Colombia’s House of Representatives and Senate on Wednesday both approved a bill to raise taxes on alcohol, tobacco, and gambling, which will be used to pour an estimated COP3.5 billion ($1.8 million) into nation’s deficit-running health care system.
Through the new law, COP1.2 billion is expected to be raised through “vice” taxes on beer, liquor, cigarettes, and gambling. COP1.8 billion is expected to be raised through modernizing and consolidating the national health care system and COP500 million is to be raised through improved tax collection.
A conciliation process for the slightly different language in the House and Senate bills is set for Thursday.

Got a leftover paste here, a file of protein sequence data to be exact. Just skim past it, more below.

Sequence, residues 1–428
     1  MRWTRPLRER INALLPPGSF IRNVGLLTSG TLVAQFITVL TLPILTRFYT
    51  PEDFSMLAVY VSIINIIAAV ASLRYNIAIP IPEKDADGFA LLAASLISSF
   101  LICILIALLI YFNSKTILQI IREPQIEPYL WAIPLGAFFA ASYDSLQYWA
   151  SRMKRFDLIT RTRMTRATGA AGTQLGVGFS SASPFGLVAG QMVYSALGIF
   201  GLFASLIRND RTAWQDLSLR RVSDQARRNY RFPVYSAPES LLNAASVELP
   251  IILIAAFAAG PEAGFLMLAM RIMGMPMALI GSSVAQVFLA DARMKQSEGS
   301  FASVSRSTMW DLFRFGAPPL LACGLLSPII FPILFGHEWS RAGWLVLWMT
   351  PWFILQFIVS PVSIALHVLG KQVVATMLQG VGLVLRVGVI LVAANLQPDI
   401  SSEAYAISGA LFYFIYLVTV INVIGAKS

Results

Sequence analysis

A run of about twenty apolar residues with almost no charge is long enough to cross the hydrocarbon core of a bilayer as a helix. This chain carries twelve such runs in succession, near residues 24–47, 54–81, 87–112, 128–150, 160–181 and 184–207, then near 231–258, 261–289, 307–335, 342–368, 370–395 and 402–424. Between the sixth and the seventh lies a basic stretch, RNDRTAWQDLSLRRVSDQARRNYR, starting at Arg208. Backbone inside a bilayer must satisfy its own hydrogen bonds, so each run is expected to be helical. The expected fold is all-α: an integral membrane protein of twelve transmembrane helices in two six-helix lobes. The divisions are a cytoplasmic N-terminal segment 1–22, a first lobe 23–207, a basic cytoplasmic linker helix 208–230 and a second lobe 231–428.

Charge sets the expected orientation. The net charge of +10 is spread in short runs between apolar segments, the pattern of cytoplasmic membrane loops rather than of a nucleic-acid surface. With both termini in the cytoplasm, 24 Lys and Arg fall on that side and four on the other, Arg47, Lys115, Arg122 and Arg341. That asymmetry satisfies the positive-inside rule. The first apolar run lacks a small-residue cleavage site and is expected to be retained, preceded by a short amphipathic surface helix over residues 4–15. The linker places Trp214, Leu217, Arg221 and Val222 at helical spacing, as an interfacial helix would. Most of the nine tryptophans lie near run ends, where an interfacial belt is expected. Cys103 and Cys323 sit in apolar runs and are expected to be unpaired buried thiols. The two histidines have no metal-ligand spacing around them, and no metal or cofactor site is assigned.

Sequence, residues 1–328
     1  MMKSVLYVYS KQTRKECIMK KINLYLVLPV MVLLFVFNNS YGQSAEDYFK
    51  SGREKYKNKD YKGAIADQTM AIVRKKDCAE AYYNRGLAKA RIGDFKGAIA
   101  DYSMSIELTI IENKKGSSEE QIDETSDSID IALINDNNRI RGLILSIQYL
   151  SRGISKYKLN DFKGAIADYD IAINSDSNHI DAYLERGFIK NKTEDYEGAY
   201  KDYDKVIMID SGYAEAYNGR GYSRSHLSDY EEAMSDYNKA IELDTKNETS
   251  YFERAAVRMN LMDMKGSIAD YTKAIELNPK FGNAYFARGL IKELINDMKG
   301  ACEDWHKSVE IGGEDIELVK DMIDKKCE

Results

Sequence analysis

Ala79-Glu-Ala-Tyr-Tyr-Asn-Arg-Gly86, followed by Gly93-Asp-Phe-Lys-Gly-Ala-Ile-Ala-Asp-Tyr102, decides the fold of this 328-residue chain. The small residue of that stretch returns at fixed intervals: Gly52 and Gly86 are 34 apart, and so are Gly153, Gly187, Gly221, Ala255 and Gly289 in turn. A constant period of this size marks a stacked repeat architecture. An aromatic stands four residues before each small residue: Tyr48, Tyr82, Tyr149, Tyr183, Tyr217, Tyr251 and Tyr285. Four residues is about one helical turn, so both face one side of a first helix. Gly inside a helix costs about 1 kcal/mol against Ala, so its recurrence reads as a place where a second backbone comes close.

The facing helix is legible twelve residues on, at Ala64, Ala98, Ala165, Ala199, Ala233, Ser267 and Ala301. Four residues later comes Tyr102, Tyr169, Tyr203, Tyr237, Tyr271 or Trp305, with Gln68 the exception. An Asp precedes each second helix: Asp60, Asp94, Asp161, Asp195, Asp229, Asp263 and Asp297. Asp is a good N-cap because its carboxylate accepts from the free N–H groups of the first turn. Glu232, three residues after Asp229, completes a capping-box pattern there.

The vice taxes in the bills are as follows:
The sales tax on beer is set to rise to 14% this year and 16% in 2011.
On cigarettes, a tax of COP570 is to be levied on every pack of 20 cigarettes, along with a 10% tax on tobacco products in general.
Liquors will be taxed in two categories: liquors that are less than 35% alcohol will be taxed at COP256 for each percentage point of alcohol, while those with more than 35% alcohol will be taxed at COP420 for each percentage point.
Games of chance will be taxed at a rate of 16%.